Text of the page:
Spring woods: Wildflower glades along Calder & Hebble Navigation – North East

Seek out bluebells and bell-shaped coal mines in a lovely Yorkshire woodland

Tim Green Flickr

 

The arrival of spring provides the perfect opportunity for ramblers to explore some of the wooded sections alongside our canals. Elland Park Wood by the Calder & Hebble Navigation is one of the best in the north east, featuring some stunning bluebell glades as well as other spring flowers, birds and trees. But it’s the bluebells that have made this wood famous. “The odd colour of wild bluebell that turns up is white, occasionally, and pink, which is rarer still,” says Steve Blacksmith of the Halifax Scientific Society, which was formed in 1874 and has maintained a long-standing interest in the wood because of the wildlife and fossils found in the coal seams. “The bluebell display is breath-taking and has been described as the finest bluebell wood in the north of England.”

The Calder & Hebble Navigation has gradually made the transition from industrial to rural, and now follows a peaceful trail connecting the waterways of Yorkshire with those of the Pennines. The canal runs for 21.5 miles between Sowerby Bridge and Wakefield and is part river, part canal. It began life as the Aire and Calder Navigation, which made the River Calder navigable as far as Wakefield. The Calder & Hebble Navigation extended that to Sowerby Bridge, with work beginning in 1759 and completed in 1770 following engineering and financial complications.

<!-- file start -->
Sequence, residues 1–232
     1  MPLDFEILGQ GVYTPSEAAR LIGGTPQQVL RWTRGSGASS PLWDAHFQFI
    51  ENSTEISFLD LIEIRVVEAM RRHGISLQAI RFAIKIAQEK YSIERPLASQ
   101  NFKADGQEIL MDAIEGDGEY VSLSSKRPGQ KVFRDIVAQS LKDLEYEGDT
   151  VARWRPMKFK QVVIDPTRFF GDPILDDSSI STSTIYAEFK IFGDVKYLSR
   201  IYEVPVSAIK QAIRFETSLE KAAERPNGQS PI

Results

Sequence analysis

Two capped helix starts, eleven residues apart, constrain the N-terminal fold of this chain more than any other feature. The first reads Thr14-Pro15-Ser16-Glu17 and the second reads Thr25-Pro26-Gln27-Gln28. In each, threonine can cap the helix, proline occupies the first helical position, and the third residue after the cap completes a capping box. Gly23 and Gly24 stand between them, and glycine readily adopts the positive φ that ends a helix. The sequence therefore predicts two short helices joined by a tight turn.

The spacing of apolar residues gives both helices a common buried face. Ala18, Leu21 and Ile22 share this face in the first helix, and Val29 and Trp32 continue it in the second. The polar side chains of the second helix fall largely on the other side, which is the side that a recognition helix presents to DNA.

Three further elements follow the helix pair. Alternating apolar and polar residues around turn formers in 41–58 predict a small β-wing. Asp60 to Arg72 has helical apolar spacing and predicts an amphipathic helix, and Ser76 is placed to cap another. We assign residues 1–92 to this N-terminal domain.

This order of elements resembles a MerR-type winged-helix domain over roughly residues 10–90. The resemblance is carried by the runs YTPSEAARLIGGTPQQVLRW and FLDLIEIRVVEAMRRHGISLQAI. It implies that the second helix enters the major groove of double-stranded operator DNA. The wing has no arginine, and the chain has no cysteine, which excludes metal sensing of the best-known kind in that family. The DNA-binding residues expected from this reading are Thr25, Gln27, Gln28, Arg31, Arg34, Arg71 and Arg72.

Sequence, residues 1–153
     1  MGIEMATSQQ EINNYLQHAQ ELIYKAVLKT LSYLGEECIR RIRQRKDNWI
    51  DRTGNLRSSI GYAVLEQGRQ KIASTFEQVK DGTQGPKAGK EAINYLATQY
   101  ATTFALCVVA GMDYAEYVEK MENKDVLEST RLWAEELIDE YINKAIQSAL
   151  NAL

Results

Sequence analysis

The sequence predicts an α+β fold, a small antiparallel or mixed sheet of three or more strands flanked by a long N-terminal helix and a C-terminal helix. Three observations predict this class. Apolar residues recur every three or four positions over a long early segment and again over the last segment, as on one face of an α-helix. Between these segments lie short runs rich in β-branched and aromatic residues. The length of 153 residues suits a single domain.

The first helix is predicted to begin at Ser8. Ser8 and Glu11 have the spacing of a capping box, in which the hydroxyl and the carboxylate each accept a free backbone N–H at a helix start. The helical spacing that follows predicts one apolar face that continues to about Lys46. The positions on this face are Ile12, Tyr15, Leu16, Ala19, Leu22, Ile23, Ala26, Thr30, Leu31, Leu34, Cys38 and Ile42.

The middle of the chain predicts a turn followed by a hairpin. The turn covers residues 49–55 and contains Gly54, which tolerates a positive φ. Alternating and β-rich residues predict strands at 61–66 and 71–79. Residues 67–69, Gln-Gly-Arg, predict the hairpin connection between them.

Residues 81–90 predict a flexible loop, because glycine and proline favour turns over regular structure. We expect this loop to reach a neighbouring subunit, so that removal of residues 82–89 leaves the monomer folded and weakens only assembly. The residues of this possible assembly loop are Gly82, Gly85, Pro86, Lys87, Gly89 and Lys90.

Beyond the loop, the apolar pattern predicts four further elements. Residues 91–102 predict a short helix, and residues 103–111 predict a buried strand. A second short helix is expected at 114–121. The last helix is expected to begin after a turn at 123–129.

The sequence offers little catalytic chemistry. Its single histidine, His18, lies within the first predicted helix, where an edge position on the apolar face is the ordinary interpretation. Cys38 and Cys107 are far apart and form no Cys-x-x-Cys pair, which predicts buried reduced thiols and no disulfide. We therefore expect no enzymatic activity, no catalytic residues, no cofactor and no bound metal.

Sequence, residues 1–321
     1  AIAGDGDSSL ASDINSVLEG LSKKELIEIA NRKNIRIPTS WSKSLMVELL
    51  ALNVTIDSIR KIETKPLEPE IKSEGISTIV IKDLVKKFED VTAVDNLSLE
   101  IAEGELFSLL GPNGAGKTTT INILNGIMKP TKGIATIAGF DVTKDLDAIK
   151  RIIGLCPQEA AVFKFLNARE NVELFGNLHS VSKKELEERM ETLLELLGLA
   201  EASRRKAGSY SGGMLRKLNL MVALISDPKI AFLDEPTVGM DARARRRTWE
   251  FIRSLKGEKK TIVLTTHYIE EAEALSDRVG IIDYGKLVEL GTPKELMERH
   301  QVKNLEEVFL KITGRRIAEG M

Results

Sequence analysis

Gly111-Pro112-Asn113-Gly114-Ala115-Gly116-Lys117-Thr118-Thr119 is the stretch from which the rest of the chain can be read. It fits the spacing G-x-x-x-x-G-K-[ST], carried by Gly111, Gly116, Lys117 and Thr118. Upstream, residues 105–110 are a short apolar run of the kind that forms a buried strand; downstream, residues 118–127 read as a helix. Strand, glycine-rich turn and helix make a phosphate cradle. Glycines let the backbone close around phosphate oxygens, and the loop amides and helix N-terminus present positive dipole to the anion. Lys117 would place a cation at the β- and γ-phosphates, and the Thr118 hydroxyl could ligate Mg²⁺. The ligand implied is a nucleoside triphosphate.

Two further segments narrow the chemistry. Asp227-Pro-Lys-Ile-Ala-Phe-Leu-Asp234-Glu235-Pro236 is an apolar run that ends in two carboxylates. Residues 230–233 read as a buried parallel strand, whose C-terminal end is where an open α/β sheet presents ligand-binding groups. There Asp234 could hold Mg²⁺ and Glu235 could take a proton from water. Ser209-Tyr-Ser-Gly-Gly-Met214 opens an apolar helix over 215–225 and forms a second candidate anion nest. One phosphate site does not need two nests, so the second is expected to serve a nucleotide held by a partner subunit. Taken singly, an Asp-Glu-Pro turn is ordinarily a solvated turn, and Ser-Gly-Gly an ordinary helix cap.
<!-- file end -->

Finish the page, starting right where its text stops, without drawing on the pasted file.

Elland Park Wood is a large area of woodland popular with ramblers but also mountain bikers, so be aware of their presence if you’re out exploring. Blacksmith has led walks there for years and enthuses about its range of flora and fauna. As well as the splendid bluebell meadows, there are numerous other wildflowers and mushrooms as well as birds, such as treecreepers, jays and buzzards. You can also see evidence of the area’s industrial heritage in the form of the bell pits, which are early coal mines so named because people dug sideways around the bottom of the pit, propping the walls up with tree trunks, creating a hole that is the shape of a bell.